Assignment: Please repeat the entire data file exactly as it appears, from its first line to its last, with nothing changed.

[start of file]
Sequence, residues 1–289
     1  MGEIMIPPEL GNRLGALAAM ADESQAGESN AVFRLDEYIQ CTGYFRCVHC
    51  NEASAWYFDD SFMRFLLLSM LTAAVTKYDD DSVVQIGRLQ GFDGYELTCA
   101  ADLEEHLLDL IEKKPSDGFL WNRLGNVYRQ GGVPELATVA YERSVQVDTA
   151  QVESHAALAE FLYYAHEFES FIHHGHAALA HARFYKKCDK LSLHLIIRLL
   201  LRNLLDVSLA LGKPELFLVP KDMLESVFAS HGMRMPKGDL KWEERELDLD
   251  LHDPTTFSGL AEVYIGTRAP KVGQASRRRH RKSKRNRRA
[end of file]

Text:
Sequence, residues 1–289
     1  MGEIMIPPEL GNRLGALAAM ADESQAGESN AVFRLDEYIQ CTGYFRCVHC
    51  NEASAWYFDD SFMRFLLLSM LTAAVTKYDD DSVVQIGRLQ GFDGYELTCA
   101  ADLEEHLLDL IEKKPSDGFL WNRLGNVYRQ GGVPELATVA YERSVQVDTA
   151  QVESHAALAE FLYYAHEFES FIHHGHAALA HARFYKKCDK LSLHLIIRLL
   201  LRNLLDVSLA LGKPELFLVP KDMLESVFAS HGMRMPKGDL KWEERELDLD
   251  LHDPTTFSGL AEVYIGTRAP KVGQASRRRH RKSKRNRRA